“Home cooking is great; love the home fans for 14 years,” he said. “But I love playing out on the road more than I love playing at home. It’s just a weird thing. I love the adversity. … It’s the bunker mentality of knowing it’s 15 guys plus the coaching staff and whoever there that’s traveled with us against the whole state and the whole city.”

Or in this case, all of Canada.

KYLE IS KEY: Lowry is back to full speed after missing 21 games following surgery on his right wrist. He averaged 14.3 points and 5.2 rebounds against the Bucks, but the Raptors will need more from him to dethrone the Cavs.

Lowry might be able to exploit Cleveland’s suspect perimeter defense and lack of a true rim protector by driving to the basket.

FREE-THROW WOES: After making a career-low 67 percent of his free throws in the regular season, James went only 22 of 38 (58 percent) from the line in the opening round.

None of his misses was too costly, but the pressure only intensifies from here with every make and every miss meaning more.

DEMAR THE STAR: DeRozan can get his shot off any place, any time. Like they did with Paul George in the first round, the Cavs are expected to focus their attention Toronto’s best player, harassing him with double teams to make him give up the ball.

“He’s one of the best one-on-one players in our league right now, and he does a good job of getting to the free-throw line,” Lue said. “His mid-range jumper is automatic and he can also get to the basket where he’s very athletic. He’s a tough cover and we just want to make him make field goals and not free throws and make it hard on him.”

ON THE MOVE: James has been climbing various lists all season and he’s still rising. He enters the series 60 points behind Kareem Abdul-Jabbar (5.682) for the second place on the career postseason scoring list. Once he passes Mr. Sky Hook, next on the list is His Airness, Michael Jordan (5,987).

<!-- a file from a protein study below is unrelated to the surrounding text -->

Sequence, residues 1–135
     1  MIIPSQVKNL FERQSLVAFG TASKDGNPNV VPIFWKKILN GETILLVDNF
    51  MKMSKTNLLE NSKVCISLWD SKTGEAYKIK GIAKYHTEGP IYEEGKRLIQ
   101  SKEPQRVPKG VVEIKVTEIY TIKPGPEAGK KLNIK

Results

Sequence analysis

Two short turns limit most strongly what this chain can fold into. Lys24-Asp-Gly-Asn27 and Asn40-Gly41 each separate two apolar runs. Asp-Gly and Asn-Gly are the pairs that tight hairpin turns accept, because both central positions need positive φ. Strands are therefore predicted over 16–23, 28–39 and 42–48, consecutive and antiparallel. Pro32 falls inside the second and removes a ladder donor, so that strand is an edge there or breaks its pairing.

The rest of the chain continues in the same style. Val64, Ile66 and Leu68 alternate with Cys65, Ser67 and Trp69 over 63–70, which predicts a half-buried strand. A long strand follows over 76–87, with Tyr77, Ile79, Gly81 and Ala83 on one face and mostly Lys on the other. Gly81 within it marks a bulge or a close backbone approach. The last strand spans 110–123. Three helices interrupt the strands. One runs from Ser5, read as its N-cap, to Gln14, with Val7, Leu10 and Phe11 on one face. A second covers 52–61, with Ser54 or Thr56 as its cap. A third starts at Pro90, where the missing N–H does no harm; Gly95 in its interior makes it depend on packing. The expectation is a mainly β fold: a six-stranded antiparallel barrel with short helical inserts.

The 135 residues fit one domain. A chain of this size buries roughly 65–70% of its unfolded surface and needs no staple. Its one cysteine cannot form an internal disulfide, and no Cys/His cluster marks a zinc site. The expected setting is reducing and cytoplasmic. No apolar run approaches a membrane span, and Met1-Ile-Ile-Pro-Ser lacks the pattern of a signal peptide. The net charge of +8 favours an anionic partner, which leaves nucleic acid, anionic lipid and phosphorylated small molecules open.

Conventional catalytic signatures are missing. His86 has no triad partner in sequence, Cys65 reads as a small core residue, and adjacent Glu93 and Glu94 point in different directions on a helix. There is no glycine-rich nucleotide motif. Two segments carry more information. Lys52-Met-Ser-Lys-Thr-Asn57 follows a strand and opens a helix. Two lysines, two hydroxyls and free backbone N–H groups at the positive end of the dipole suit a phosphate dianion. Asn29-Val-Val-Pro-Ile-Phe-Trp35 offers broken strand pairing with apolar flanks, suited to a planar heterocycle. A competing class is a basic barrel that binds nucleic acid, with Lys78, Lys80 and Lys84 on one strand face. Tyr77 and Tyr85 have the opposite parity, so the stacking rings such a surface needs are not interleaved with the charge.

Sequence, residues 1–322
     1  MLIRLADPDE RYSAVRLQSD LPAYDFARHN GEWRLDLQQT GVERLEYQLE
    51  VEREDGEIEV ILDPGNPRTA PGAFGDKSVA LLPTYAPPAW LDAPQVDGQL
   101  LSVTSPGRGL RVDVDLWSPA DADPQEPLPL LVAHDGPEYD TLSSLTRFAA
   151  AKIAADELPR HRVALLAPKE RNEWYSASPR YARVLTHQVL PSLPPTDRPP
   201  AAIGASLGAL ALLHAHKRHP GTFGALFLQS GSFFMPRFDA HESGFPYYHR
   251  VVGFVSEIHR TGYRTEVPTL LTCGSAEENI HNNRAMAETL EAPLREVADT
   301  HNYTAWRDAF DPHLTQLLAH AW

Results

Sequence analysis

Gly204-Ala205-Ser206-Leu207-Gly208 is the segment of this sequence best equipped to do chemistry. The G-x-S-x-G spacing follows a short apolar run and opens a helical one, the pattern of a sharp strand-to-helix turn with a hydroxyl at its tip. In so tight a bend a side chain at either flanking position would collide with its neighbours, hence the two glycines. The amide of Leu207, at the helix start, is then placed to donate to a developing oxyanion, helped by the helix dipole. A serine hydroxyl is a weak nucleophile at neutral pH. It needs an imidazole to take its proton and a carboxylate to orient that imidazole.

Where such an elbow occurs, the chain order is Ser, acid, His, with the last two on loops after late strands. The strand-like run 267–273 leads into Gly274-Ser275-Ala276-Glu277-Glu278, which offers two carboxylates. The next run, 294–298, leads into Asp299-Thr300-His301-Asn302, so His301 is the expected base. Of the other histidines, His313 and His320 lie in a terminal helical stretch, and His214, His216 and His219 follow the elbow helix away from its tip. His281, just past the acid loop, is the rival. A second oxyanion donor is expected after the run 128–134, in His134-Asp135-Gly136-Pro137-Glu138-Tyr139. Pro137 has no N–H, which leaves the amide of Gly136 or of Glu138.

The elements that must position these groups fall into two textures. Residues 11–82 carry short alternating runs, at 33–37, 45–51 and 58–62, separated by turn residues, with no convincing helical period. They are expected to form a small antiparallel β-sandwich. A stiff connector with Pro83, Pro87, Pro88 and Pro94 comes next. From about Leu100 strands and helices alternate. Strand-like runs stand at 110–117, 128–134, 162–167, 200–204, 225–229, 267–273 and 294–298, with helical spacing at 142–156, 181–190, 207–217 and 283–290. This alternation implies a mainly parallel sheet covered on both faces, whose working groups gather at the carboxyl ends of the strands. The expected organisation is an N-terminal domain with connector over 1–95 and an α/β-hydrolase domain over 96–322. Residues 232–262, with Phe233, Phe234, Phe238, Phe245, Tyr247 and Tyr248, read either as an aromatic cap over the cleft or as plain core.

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Wizards’ Markieff Morris rolled his ankle so hard he “thought it was broke” (VIDEO)

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The Washington Wizards dropped Game 1 of their semi final round against the Boston Celtics on Sunday. A big part of that loss was the absence of Markieff Morris, who turned his ankle with just a few minutes to go in the first quarter.

Morris was shooting a jumper from the left elbow extended with Boston’s Al Horford contesting. Horford didn’t give Morris enough of a chance to land, and a foul was called.

The video of Morris’ ankle turning is pretty gross, especially if you’re a basketball player, so just be forewarned.

Via Twitter:

After the game Wizards coach Scott Brooks said he did not have an update on Morris’ status but that they would see how he was feeling on Monday.

Morris, meanwhile, said he initially thought he had broken his ankle.

Speaking to MassLive.com, Morris said as much:

“This was my worst one,” Morris said. “I kind of twist my ankles like this, that’s my injury, an ankle twist. But this was by far the worst one. I honestly thought it was broke. They got the swelling to go down a whole lot, but it almost was like the size of a softball.”

Game 2 of the series is in Boston on Tuesday.